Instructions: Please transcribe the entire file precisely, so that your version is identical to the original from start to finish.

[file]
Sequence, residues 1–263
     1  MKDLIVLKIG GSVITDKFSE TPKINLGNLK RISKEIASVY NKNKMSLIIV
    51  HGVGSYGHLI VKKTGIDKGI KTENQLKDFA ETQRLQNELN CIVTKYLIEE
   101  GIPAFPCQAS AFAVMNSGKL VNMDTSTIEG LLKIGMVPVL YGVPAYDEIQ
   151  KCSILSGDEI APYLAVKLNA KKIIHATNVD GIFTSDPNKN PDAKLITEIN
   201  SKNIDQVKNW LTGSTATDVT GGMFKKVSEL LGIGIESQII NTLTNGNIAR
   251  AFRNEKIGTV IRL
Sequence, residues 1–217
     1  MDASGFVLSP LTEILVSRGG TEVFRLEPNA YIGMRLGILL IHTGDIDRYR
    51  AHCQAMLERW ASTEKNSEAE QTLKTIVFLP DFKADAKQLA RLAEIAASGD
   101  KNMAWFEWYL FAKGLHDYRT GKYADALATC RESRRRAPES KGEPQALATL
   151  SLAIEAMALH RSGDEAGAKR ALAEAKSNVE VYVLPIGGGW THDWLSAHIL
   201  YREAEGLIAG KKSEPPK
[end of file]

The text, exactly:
Sequence, residues 1–263
     1  MKDLIVLKIG GSVITDKFSE TPKINLGNLK RISKEIASVY NKNKMSLIIV
    51  HGVGSYGHLI VKKTGIDKGI KTENQLKDFA ETQRLQNELN CIVTKYLIEE
   101  GIPAFPCQAS AFAVMNSGKL VNMDTSTIEG LLKIGMVPVL YGVPAYDEIQ
   151  KCSILSGDEI APYLAVKLNA KKIIHATNVD GIFTSDPNKN PDAKLITEIN
   201  SKNIDQVKNW LTGSTATDVT GGMFKKVSEL LGIGIESQII NTLTNGNIAR
   251  AFRNEKIGTV IRL
Sequence, residues 1–217
     1  MDASGFVLSP LTEILVSRGG TEVFRLEPNA YIGMRLGILL IHTGDIDRYR
    51  AHCQAMLERW ASTEKNSEAE QTLKTIVFLP DFKADAKQLA RLAEIAASGD
   101  KNMAWFEWYL FAKGLHDYRT GKYADALATC RESRRRAPES KGEPQALATL
   151  SLAIEAMALH RSGDEAGAKR ALAEAKSNVE VYVLPIGGGW THDWLSAHIL
   201  YREAEGLIAG KKSEPPK